Although reports of previous food fraud are widespread in scholarly and media reports, no systematic effort has been reported to collect and analyze this information. The objectives of this research were therefore to systematically collect reports of food fraud (food ingredients specifically), to record analytical technologies used in these studies, and to analyze the reports for trends to may be useful for developing new response tools to prevent future food fraud.

Materials and Methods

Literature search

To research incidents of food ingredient fraud or economically motivated adulteration, the authors performed 2 literature searches. The first was a comprehensive literature search of peer-reviewed scientific journal articles published in English from 1980 to 2010. This review used databases including the Web of Science, Google Scholar, and PubMed. Keywords used for this search included: “food,”“adulterat*” (* used as a wildcard to include adulteration, adulterant, adulterated, etc.), “fraud,”“authentic,”“authentication,” and their combinations. Primary articles identified by these searches also were reviewed for relevant secondary (cited) references.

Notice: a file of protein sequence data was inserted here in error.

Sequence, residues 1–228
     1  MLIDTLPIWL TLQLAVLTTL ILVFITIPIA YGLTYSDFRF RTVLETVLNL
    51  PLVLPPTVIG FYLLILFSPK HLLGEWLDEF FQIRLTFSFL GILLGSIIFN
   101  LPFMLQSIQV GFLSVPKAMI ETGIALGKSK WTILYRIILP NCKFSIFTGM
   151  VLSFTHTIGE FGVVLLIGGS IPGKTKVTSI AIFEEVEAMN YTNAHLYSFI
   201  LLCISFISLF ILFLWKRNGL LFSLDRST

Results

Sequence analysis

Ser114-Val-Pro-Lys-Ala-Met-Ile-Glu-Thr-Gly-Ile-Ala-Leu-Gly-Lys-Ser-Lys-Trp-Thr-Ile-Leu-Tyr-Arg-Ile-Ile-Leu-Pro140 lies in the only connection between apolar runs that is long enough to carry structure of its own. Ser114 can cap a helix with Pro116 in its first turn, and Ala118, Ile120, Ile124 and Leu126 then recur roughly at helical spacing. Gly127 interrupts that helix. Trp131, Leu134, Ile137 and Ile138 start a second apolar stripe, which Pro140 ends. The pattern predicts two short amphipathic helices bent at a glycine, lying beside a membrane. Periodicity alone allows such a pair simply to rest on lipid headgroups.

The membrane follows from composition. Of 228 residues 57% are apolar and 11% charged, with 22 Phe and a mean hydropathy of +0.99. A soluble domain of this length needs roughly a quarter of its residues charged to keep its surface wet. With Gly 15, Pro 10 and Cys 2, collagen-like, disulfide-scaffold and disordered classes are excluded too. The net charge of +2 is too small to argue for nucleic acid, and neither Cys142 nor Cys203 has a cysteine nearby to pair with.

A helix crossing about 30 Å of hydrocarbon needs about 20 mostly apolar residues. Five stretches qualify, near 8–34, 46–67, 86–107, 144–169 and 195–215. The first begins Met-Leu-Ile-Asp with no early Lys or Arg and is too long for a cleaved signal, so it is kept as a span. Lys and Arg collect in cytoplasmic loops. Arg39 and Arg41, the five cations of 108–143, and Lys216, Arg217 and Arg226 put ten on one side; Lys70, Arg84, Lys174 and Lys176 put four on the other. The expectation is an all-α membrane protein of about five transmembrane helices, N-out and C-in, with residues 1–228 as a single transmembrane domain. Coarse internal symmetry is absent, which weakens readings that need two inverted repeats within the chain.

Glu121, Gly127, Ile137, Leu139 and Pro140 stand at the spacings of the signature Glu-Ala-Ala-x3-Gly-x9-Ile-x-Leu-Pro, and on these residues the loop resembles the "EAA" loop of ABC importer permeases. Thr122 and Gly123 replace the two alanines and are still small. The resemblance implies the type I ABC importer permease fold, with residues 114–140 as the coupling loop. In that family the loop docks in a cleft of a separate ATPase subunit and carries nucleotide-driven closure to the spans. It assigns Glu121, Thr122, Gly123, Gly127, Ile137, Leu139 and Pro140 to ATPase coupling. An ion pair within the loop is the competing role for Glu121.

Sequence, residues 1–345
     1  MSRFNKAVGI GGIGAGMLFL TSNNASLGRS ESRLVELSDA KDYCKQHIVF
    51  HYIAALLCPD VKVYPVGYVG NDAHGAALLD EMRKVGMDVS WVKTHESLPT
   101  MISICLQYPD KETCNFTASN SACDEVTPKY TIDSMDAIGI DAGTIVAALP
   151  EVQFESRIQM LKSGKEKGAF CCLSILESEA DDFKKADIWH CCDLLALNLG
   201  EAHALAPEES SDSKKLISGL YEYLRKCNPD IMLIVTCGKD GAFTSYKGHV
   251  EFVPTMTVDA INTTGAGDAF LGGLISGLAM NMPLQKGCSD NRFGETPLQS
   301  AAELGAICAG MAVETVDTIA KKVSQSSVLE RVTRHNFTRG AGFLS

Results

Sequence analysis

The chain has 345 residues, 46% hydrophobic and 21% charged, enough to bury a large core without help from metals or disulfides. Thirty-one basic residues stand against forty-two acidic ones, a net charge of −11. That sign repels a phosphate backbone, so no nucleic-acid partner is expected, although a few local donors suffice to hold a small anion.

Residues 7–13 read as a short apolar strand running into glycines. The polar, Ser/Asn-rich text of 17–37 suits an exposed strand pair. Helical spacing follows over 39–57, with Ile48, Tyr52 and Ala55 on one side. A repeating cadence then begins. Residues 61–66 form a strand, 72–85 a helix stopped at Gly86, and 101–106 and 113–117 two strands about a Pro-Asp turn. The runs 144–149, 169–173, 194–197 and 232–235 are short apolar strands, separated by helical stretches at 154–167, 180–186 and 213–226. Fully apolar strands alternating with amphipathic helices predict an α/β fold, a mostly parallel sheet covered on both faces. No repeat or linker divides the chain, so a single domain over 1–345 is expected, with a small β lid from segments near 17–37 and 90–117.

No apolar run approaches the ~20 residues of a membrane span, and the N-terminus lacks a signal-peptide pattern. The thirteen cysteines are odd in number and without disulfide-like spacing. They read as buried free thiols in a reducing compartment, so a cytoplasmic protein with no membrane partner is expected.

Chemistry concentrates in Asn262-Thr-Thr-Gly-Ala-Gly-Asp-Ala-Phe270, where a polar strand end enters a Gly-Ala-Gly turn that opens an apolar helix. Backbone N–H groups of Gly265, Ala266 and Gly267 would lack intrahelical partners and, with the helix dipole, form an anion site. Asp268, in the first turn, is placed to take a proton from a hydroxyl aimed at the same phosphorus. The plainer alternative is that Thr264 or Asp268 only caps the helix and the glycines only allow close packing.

A second search was carried out for media and other non–peer-reviewed scientific journal articles written in English from 1980 to 2010. Sources included Google searches, trade press articles, food media outlets (for example, FoodNavigator.com), governmental publications, and trade association publications. Keywords included “food,”“adulterat*,”“fraud,” and “counterfeit.”

Articles were limited to food ingredients that are produced and sold with the intention of incorporation into a finished food product. Some products considered foods (such as olive oil and milk) were included because they also are used as food ingredients. Finished or processed food products (for example, breakfast cereal or canned soup) were not included in this search.

Database assembly